Call Center Scheduling Feature Article
November 19, 2012
Techniques for Better Retention of Call Center Agents
By Tracey E. Schelmetic, TMCnet Contributor
What’s the biggest expense in your call center? If you’re like nearly every call center on earth, the top item on your budget is recruiting, hiring and training new agents. Turnover tends to be high in call centers – higher in some industries than other – which makes the constant cycle of hiring a necessary evil.
Why a “necessary evil”? Because, obviously, you can’t run a call center without agents. But there are steps you can take to slow the revolving door of call center agents out of and into your business, says Pipkins’ (News - Alert) VP of Sales Bob Webb in a recent article published by TelecomReseller.
“The value of call center agents is indisputable; how to best retain your investment in them is more complex,” writes Webb. “Experts offer suggestions that range from an agent recognition and awards program to soliciting their participation in community service projects. While these suggestions may solve short-term problems, a long-term solution is needed to create loyalty and job satisfaction.”
In other words, the best way to keep agents is to ensure they like working for you. So how do you make sure your call center agents actually like their jobs?
For starters, says Web, make sure your employees are as knowledgeable as possible. Informed agents are agents in control of their jobs, which leads to better job satisfaction.
“Keeping agents informed is a good strategy for improving morale and conveying their importance to the company,” writes Webb. “Knowledge is power and agents who are kept informed regarding daily schedules, schedule changes, and adherence information are better equipped to perform their duties. Communication is critical in any organization. Tools that improve communication between supervisors and agents while reducing administrative burdens results in improved efficiency and productivity.”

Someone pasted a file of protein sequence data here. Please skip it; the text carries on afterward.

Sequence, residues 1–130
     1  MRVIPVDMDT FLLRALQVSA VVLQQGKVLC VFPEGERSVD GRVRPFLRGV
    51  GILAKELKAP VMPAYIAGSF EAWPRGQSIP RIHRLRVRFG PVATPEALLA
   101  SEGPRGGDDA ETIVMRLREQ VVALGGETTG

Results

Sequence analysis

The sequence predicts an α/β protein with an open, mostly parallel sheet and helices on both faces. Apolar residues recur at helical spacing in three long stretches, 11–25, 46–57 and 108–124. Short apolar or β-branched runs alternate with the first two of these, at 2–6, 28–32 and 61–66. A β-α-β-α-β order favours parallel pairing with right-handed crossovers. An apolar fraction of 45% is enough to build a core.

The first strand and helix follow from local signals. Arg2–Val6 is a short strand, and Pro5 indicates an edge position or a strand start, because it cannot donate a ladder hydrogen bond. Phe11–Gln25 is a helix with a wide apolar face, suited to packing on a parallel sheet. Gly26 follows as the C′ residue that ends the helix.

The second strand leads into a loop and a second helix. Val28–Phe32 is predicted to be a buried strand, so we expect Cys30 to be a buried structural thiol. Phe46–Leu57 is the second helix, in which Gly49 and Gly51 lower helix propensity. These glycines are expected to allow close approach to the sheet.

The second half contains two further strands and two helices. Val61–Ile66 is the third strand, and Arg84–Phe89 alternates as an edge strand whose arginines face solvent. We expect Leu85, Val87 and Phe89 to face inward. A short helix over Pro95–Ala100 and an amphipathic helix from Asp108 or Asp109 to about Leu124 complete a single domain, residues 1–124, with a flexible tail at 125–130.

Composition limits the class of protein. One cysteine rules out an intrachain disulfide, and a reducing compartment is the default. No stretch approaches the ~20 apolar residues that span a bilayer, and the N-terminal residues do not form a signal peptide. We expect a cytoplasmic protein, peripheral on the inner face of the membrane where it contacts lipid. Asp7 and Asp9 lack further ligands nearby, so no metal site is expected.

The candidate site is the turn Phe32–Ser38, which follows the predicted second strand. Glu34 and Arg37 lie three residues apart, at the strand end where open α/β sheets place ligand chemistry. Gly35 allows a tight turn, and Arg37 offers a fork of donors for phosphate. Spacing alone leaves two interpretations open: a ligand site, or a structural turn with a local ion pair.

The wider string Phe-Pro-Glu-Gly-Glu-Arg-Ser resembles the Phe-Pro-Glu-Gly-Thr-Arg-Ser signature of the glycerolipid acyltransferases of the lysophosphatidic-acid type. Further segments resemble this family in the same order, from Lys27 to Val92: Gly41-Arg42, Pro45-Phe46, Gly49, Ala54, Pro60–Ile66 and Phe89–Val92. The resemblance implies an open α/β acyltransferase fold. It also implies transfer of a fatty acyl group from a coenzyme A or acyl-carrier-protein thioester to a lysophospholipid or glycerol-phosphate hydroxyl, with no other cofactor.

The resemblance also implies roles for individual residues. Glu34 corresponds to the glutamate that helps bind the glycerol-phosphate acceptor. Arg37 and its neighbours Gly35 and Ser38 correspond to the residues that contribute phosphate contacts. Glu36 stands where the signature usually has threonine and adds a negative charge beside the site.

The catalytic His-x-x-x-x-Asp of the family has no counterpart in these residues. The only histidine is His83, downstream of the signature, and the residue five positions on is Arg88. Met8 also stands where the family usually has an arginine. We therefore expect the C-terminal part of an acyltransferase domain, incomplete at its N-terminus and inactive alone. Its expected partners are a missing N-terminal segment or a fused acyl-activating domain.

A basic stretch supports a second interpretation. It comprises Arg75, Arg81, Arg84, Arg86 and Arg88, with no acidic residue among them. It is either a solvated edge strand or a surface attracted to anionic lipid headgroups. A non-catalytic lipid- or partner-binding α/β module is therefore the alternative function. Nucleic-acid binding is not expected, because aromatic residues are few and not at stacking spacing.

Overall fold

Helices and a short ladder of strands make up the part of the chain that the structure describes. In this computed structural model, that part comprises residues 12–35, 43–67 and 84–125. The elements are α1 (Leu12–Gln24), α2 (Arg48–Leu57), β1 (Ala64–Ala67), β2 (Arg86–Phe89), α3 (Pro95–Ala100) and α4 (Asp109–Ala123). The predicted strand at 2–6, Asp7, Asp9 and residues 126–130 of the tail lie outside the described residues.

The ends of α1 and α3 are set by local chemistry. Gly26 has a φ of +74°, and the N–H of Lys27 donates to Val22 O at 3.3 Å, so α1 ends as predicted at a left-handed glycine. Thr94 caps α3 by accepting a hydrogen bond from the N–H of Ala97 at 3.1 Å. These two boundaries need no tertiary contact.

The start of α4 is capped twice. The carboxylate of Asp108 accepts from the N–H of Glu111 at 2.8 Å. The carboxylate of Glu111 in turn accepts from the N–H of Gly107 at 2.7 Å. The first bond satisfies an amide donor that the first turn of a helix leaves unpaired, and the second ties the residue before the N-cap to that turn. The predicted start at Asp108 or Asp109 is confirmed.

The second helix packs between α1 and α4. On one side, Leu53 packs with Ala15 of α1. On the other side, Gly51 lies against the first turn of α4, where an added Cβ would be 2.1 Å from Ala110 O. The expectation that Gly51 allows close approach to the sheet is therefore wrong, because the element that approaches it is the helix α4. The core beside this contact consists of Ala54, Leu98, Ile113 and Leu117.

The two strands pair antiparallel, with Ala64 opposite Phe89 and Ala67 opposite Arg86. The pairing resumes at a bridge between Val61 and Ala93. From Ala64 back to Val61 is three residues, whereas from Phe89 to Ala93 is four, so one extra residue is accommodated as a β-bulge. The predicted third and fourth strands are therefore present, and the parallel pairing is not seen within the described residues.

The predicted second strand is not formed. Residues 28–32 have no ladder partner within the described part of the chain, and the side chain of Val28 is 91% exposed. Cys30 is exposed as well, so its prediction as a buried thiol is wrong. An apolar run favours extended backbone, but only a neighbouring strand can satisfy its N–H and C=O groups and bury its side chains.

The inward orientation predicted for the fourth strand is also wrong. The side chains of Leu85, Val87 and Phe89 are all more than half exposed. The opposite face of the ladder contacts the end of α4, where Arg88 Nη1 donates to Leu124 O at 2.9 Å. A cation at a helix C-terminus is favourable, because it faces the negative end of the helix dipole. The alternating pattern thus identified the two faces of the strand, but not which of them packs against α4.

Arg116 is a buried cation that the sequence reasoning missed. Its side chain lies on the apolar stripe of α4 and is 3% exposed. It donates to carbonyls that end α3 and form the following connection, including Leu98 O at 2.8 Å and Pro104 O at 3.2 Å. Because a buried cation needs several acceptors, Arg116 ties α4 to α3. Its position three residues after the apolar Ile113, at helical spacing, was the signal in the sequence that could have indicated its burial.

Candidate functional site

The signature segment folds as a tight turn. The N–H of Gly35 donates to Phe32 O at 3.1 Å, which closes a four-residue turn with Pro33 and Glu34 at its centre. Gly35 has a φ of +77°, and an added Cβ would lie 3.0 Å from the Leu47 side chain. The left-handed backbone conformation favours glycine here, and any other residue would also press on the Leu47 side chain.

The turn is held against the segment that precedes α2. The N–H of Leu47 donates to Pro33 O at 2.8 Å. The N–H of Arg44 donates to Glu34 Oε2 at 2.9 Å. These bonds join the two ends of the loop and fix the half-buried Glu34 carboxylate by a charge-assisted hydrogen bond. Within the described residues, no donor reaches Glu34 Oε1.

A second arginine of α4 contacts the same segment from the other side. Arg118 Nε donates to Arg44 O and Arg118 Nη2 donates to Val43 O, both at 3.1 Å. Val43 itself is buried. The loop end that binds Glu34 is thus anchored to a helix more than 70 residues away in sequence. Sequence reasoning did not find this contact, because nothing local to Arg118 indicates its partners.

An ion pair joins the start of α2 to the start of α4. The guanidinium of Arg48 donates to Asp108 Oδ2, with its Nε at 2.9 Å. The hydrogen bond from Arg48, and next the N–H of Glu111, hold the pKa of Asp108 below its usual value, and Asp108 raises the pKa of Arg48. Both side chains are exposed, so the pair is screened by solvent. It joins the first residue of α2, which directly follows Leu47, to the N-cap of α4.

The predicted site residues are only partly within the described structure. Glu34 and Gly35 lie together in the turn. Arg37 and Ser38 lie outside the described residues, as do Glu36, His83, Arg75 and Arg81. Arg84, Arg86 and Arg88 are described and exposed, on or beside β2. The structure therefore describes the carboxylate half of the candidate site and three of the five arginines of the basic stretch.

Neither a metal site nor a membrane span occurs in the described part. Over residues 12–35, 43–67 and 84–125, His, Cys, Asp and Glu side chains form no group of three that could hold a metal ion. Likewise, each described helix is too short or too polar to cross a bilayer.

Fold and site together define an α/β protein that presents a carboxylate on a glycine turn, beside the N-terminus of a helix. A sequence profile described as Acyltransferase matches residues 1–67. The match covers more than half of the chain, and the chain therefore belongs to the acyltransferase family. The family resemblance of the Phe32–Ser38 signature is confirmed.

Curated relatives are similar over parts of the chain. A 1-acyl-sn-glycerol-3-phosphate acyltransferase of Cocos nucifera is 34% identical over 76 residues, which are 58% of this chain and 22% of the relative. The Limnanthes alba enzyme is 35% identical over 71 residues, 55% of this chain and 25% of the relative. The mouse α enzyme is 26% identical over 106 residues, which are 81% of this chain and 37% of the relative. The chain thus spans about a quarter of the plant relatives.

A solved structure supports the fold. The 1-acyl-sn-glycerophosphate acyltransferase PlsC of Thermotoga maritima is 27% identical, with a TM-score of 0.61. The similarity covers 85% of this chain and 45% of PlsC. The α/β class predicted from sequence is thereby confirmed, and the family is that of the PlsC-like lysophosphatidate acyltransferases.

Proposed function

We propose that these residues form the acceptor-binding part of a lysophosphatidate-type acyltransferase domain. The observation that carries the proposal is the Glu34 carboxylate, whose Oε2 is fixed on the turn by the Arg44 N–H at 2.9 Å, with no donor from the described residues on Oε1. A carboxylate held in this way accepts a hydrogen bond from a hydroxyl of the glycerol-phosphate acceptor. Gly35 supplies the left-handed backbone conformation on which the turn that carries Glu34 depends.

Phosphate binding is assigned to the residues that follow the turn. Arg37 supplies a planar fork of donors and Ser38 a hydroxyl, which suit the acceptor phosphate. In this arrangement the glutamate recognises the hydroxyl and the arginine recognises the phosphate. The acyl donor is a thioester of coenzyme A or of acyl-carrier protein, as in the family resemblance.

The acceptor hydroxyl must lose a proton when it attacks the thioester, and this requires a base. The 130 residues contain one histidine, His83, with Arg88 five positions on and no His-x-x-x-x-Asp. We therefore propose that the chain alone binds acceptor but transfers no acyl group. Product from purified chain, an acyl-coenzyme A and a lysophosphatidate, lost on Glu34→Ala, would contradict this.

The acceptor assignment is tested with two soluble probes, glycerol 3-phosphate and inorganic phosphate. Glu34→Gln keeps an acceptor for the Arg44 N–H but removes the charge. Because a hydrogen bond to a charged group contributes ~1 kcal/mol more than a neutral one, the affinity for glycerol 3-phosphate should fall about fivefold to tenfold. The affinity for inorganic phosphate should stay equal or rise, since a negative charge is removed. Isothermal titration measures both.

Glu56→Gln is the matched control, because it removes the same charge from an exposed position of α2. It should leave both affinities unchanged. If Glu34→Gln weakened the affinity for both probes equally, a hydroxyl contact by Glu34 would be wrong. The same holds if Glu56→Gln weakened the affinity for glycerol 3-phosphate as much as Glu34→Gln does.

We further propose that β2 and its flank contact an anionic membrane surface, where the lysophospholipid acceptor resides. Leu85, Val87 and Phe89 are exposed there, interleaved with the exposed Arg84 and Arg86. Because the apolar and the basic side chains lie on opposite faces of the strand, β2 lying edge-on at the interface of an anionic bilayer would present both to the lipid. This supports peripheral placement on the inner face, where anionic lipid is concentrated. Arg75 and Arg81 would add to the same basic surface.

This can be accomplished with a key combination of technologies and techniques such as workforce optimization, training, dashboard and notification tools and a free flow of information.
Next, says Webb, consider making employees’ schedules as flexible as possible. If employees are able to achieve a decent work-life balance, they will be far more satisfied than those with a rigid schedule. Even better, says Webb, considering using home-based agents…the happiest agents in the contact center industry.
“At-home agents bring a level of professionalism to their job that enhances the quality of service delivered and increases not only customer service, but agent retention as well,” writes Webb. “Experts suggest the average age of at-home agents is 38, compared to 23 for on-site agents.”
And not only does the home agent model keep agents happy, it has financial benefits to the company, as well, reducing the need for physical facilities.
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Edited by Amanda Ciccatelli